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contribution 07 - BECKY Sylvie

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The witness and the evidence - Witnesses protection vs Public debate

Sylvie BECKY

transtlated version

Thank you, Professor Sorel.

I am Sylvie Becky. I am in charge of the section of Witness and Victims Support at the ICTR. Our prime duty is to ensure the production of witnesses to Arusha or to the Hague for the purposes of their testimony before the Court or Tribunal. And that dispatch is done with states’ cooperation. As you are aware, the Tribunal does not have a territory of its own. We have an agreement with the host country, namely, Tanzania, which supports us very much in our work.

But those witnesses reside in different countries, including Rwanda. To bring them to Arusha, these witnesses have various statuses. Some of them are residents, some of them are nationals in their countries of residence, for instance, those living in Rwanda. But you have others who have sought refuge in other countries, and many more do not have any legal status in their countries of residence.

So the prime issue is to bring them to Arusha and to take them back to their countries of residence. So we have the specific case of clandestine citizens or residents who have no registration with the state entities of their countries of residence. What we have been able to achieve with the support of states under the cooperation agreements, we obtain travel documents for those witnesses to enable the move of their countries of residence to Arusha and to take them back irrespective of their immigrational status. We have brought eight witnesses who are asylum seekers and who normally are not allowed to leave their new countries of residence without interrupting their asylum case or applications.

These, therefore, are some of the achievements, the successes we have registered. We have also established a number of measures or a mechanism for witnesses living alone or living with their parents, single parents, without impeding into the livelihoods of their family members. It is important at this stage to pay tribute to those more than 2,000 persons who have made it to Arusha for the purposes of testifying. We are all aware that it is not easy to recall events which were terrible, which scarred us so badly, but witnesses do so in the interest of justice.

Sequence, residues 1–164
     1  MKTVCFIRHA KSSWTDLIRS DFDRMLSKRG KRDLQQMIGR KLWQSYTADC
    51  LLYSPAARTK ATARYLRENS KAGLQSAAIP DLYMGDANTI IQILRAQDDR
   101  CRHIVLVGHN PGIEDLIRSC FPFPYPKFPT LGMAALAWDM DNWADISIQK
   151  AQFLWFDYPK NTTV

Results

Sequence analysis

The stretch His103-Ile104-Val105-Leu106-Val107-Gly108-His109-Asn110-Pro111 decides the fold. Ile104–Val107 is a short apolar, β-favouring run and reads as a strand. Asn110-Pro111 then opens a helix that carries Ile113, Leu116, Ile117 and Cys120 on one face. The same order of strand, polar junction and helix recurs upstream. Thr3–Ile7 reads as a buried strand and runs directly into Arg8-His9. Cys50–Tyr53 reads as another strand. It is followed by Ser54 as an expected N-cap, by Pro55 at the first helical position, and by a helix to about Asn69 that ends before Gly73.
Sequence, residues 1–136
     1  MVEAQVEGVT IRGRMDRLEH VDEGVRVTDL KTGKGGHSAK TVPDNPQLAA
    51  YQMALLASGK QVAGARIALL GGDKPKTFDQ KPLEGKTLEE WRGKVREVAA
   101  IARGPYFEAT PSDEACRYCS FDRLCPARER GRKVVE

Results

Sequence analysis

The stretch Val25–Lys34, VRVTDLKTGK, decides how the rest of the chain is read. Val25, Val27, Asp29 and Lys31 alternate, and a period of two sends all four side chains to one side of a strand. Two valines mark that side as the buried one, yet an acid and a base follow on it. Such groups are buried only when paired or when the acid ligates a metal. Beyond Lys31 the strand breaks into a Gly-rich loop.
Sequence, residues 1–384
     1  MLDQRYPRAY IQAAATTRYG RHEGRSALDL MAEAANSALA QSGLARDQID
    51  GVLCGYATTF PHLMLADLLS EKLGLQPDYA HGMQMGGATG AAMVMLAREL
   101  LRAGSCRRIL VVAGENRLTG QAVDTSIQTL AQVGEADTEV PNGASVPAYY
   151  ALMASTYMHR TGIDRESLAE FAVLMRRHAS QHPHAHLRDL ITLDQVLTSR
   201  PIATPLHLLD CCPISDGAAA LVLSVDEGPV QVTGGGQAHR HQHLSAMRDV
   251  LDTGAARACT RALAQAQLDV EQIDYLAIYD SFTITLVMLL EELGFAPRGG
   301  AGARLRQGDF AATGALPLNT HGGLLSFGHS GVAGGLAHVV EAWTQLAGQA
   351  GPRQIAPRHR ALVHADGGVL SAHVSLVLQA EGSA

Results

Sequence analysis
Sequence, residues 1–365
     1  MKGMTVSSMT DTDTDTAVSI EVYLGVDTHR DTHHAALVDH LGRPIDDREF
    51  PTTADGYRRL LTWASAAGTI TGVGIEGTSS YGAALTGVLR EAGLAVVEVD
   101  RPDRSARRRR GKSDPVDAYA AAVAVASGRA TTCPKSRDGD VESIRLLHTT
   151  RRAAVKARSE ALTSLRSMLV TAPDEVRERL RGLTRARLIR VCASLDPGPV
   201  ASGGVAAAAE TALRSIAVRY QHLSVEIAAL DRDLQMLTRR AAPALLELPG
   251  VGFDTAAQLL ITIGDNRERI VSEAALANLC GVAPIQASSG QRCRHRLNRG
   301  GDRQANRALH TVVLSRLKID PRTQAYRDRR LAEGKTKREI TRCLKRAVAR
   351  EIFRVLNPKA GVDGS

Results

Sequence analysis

Among the witnesses we have victims. We do have witnesses who were sexually abused, witnesses who lost family members but who, notwithstanding, still accept to help justice in its work.

We also have expert witnesses who are compensated for the services provided to the Court. We also have detained witnesses or detainee witnesses. These are persons who are in detention in their countries or persons who have been detained by the Tribunal and are serving their sentences in various countries. All of these persons are sent to Arusha to ease the work of the Judges, because without the witnesses, apart from documentary evidence, I wonder what would happen in courts, hence the prime role of the witnesses in court.

We have the responsibility of providing not only support to the witnesses, administrative, judicial, medical, psychological support, but we also have the duty to ensure their security. One of the major challenges is that we do not have total control over these persons who come from all over to testify in Arusha and return to their countries of residence. We have the main office in Arusha and a sub office in Kigali, hence the constraint or constraining our operations. But that has not barred us from establishing a relationship of trust, because over the years we have had witnesses who have come back and forth to testify in various trials.

Some of the witnesses who were considered as vulnerable, upon a security risk assessment, were relocated internally, which means moving within the same country. And with the support, once again, of states, other witnesses, through some special UN programmes or other agency programmes, were relocated to other countries where security conditions were much more sound to keep them from harms way. And that much I can report about witnesses.

Let me also lay emphasis on the issuing of travel documents. I remember that previously we had been we had come under attack by some parties on the ground that some countries knew that witnesses will travel to Arusha. When dealing with states cooperation with states, we should bear in mind the sovereignty of states. You cannot issue a travel document which will be null and void in another country of transit for the witness. You have a witness travelling from country X who has to transit through two or three countries before getting to country Y, hence, the import of obtaining a travel document that will be recognised by all the countries until the witnesses’s final destination.

We have witnesses who have come from Rwanda, and like all other countries, we entered we made contact with the authorities. We have resource persons in the various governments who do everything to cut down on the red tape so that they could expeditiously issue those travel documents and enable the witnesses to travel and bear testimony before the Courts.

Of course, there are witnesses who cannot go unnoticed. So we have to give pseudonyms to governments so that a travel document is issued. And we always have contact persons with governments and that obtains across the board.


Thank you for this very interesting contribution. I am not going to open a Pandora’s box in respect of alpha witnesses and detainee witnesses. I think that we also have confusion of testimonies. But before that, I have a little paper stating that Ms. Dior Fall and Mr. Stewart are willing to take the floor.